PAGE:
Chocolate is my great love. Not just any chocolate, but the best, the finest chocolate in the world.
My apprenticeship as a chocolate connoisseur began when I was a child. Enrapt I listened as my father told me of how French children, unimpressed with the kinds of sweet confection on which I squandered my pocket money, would savour a few squares of the deepest dark chocolate.
I began to treasure sharing such treats with the grown ups. I started to score my own supply as soon as age facilitated independent shopping rights. Back then there was little variety to choose from. But still I would line up a little square of each currently in my stash and taste, one and then the other, savouring each morsel, focusing on their heavenly flavours. A form of preparation for the analytical tasting that feeds my passion today.
The more formal training for my role of chocolate enthusiast began, getting on for a decade ago, in the company of Paul A Young, award winning chocolatier and all round genius with the dark stuff. That day I discovered the type of chocolate I knew I loved even before I had met it! The kind of chocolate which, like wine, is full of the multiple nuances of flavour that are the result of using the best beans, and treating them with great sensitivity. Chocolate with maximum flavour, in which the beans reveal all the individuality of their type, their country, even of their plantation of origin!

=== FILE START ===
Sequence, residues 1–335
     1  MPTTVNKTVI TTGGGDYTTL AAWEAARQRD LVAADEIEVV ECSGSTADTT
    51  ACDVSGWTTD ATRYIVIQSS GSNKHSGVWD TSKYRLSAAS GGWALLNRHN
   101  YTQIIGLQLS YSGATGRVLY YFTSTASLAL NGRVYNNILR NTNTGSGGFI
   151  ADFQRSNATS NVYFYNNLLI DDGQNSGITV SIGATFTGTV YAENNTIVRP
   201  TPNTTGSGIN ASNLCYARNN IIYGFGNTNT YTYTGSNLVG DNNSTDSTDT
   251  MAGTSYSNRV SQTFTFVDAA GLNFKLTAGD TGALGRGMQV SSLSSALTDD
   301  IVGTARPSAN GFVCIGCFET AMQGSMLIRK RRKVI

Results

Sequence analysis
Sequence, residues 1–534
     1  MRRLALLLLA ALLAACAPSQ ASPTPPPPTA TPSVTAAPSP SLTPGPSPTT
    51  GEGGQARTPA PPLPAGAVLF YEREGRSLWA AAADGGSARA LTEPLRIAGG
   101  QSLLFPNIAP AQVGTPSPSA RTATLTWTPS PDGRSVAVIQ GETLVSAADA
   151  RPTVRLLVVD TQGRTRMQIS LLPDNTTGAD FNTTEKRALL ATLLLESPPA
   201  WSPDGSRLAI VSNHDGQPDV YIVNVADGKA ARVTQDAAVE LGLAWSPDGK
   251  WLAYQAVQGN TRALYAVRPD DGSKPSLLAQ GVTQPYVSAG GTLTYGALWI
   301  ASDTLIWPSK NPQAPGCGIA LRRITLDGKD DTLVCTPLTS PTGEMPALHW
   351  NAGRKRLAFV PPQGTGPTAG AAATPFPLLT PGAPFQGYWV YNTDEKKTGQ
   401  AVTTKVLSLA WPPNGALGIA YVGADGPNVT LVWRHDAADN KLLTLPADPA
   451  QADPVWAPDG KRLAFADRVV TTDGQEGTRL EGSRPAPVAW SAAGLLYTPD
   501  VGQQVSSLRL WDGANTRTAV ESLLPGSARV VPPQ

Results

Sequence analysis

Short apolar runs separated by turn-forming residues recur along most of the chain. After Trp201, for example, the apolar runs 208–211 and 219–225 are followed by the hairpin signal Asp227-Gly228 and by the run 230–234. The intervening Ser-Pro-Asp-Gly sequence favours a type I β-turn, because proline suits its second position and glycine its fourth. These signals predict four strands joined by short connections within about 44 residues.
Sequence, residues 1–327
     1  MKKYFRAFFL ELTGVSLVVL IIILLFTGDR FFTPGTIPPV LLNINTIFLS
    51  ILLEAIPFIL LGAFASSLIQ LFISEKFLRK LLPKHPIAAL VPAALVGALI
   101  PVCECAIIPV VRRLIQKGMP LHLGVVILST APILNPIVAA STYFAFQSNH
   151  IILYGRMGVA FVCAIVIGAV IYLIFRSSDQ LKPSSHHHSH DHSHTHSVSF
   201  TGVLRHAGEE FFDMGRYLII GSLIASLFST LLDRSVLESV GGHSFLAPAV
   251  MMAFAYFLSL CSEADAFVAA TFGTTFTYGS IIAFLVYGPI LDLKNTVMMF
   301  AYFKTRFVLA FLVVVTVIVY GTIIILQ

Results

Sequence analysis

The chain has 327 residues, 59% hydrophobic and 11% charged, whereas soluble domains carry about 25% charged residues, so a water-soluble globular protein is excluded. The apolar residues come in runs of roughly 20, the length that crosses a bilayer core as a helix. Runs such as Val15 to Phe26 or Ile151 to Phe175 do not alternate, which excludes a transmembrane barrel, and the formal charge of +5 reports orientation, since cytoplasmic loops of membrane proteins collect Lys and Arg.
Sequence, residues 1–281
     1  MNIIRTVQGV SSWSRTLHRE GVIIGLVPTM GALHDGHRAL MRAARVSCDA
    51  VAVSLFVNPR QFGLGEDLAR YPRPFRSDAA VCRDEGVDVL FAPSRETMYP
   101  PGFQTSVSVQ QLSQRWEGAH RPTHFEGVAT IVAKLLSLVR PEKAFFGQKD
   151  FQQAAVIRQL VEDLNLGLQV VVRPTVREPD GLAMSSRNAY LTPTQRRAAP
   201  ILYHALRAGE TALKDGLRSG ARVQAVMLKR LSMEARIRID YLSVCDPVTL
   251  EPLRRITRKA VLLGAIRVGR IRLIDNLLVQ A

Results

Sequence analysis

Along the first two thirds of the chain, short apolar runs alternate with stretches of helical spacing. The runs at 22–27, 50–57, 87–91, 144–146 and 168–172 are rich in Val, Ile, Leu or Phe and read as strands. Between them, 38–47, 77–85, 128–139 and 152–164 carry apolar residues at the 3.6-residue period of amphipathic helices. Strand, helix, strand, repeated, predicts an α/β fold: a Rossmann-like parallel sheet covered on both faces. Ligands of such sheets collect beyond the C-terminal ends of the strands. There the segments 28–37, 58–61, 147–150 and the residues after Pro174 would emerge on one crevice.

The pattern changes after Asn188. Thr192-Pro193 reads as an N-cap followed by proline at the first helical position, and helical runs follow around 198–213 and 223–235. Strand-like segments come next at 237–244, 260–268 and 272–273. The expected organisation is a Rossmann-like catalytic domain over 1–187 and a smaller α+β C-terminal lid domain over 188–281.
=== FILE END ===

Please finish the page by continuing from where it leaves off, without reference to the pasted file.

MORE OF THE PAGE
My memories of that day are still so fresh. Partly because it is a little hard to forget what an embarrassment I made of myself when I tasted my very first nugget of Amadei chocolate. The sound I emitted was involuntarily carnal, and my fellow tasters silent composure did accentuate it somewhat in contrast! But mostly I remember that day because my eyes were opened, my taste buds had found their nirvana, and there was no looking back.
Paul also put me straight on a few things. Firstly, that my snobbism against milk chocolate was a bit narrow minded. A glorious milk chocolate made by Valrhona put paid to that. Chocolate with a higher percentage cocoa mass may remain my personal preference, but milk chocolate from a maker of note deserves a look in. Secondly, that a high cocoa mass percentage is no guarantee of quality. To accept or reject a chocolate just on the basis of its percentage is a little like buying a wine wholly on alcohol content. A very small part of the story!
So here I am, many years later, many bars eaten, many new chocolate wonders discovered. The world of fine chocolate is on a roll, the news of its glory is spreading fast. In this blog I wish to do my bit, by taking you with me on my adventures in chocolate!
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